The government of the Democratic People’s Republic of Korea is relatively unique in the modern world. While most governments afford some measure of authority to the people, or to a body of citizens, the DPRK has evolved backwards into a monarchy reminiscent of those in Medieval Times, when the majority of western civilization was governed by the Feudal System. The DPRK is governed at the highest level by an absolute dictator, Kim Jong-Un. However, while his rule is dictatorial, the government of North Korea is classified as a monarchy because rule passes through familial lineage, and because the rulers are ordained divinely. Officially, his only role is to manage internal and external security for the DPRK, but in practice he holds absolute control. The other arms of government are the cabinet, which implements policies and laws, similarly to the executive branch of other countries governments. The third branch of the North Korean government is the Politburo, which creates national policies and laws that govern North Korea’s citizenry. The reason North Korea’s government is far more efficient than the governments of other nations is because the people believe Kim Jong-Un is a God, and because of the harsher tactics of the government. The people won’t defy their god, and if they do they face a swift punishment under the legal system, which has wide openings in the law that allows prosecution for essentially anything the police or government deem necessary. The reason possessing such a good measure of control over the people is necessary, is that if people have rights or entitlements, they can interfere with the efficiency and productivity of government. Under this form of constitutional monarchy, they can make and enforce and laws necessary for the safety and control of their people, whereas governments that function under a democratic system, such as that of the United States allow their people a voice, and thus an interference in the workings of government.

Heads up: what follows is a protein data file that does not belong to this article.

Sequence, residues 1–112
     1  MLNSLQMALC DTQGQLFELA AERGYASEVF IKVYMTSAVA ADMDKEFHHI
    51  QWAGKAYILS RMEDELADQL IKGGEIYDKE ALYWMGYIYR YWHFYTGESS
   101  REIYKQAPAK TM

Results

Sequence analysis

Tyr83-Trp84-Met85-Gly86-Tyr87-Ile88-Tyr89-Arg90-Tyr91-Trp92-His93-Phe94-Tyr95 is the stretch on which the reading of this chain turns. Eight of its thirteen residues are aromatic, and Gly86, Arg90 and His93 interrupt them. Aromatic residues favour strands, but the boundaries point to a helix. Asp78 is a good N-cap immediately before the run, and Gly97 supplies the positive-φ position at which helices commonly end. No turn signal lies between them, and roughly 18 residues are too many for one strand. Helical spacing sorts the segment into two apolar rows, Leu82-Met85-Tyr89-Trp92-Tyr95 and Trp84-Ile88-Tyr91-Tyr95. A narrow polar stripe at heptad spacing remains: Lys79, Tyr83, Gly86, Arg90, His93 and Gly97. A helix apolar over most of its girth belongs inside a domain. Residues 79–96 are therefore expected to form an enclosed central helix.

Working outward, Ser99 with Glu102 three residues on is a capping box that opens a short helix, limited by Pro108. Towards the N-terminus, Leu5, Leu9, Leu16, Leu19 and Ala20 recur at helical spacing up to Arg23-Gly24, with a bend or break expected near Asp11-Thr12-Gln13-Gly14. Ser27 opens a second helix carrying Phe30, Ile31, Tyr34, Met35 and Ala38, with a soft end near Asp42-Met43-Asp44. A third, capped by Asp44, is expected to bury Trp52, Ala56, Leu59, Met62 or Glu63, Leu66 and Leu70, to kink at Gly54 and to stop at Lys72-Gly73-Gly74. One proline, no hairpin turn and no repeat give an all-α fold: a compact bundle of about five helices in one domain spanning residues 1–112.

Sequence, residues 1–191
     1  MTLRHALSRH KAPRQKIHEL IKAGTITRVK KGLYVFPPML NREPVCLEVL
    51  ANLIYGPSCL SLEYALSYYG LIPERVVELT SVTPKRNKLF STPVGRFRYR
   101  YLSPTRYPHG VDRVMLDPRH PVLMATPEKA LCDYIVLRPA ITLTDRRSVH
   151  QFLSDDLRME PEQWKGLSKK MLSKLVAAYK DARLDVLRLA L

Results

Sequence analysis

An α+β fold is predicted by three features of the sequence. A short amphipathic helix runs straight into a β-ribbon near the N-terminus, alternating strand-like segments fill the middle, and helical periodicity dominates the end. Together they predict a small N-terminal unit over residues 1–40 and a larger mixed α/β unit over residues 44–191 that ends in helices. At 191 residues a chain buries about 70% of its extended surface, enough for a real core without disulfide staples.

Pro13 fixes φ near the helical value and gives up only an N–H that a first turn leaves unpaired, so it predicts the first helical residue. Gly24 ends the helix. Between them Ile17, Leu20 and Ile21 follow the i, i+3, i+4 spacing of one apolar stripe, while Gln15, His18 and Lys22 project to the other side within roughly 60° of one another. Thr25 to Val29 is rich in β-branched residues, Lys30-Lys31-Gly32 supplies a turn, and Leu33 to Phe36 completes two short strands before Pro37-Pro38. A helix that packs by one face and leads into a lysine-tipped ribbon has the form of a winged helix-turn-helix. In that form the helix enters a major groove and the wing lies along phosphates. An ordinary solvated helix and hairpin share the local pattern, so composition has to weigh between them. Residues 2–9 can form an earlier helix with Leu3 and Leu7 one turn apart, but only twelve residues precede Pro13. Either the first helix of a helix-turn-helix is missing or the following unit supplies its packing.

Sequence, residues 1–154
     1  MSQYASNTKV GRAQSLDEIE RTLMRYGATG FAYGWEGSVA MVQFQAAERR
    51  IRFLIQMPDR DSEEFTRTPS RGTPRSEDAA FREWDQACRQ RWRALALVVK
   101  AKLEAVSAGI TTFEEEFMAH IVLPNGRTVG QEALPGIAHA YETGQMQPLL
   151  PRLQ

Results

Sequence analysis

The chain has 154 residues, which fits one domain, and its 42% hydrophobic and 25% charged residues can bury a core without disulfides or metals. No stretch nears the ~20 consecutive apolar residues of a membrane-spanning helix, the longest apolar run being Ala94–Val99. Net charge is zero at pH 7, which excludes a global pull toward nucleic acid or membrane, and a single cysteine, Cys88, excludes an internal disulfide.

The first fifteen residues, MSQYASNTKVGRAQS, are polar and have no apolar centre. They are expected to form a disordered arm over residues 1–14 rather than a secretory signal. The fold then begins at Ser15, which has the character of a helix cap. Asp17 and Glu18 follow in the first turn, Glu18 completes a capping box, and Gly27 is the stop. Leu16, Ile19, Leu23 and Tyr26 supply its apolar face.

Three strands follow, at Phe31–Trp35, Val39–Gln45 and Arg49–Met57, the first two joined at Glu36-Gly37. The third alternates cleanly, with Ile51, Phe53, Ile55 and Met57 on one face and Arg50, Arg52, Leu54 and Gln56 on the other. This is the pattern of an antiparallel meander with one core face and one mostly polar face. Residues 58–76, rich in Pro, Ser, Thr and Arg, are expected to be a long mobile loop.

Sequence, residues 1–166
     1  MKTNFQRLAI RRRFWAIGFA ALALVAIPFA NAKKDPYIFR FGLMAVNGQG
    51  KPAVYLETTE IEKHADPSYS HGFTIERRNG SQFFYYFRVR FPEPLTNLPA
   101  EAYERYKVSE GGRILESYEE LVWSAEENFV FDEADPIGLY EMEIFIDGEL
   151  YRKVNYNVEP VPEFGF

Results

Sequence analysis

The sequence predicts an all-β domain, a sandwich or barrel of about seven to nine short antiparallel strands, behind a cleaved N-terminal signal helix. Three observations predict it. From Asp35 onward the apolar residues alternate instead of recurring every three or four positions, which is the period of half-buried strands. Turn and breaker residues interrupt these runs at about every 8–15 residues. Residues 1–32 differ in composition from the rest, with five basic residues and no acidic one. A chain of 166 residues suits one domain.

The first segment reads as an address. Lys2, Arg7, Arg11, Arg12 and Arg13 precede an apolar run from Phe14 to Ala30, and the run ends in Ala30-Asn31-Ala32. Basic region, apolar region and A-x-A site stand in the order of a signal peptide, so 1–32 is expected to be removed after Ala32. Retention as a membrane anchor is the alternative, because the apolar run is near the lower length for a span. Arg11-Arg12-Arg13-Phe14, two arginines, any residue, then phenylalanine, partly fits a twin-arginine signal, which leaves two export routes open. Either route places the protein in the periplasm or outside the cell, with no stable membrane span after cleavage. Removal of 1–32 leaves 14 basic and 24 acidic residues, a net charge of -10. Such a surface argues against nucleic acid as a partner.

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“What type of government does North Korea have?” Reference. N.p., n.d. Web. 27 Feb. 2017.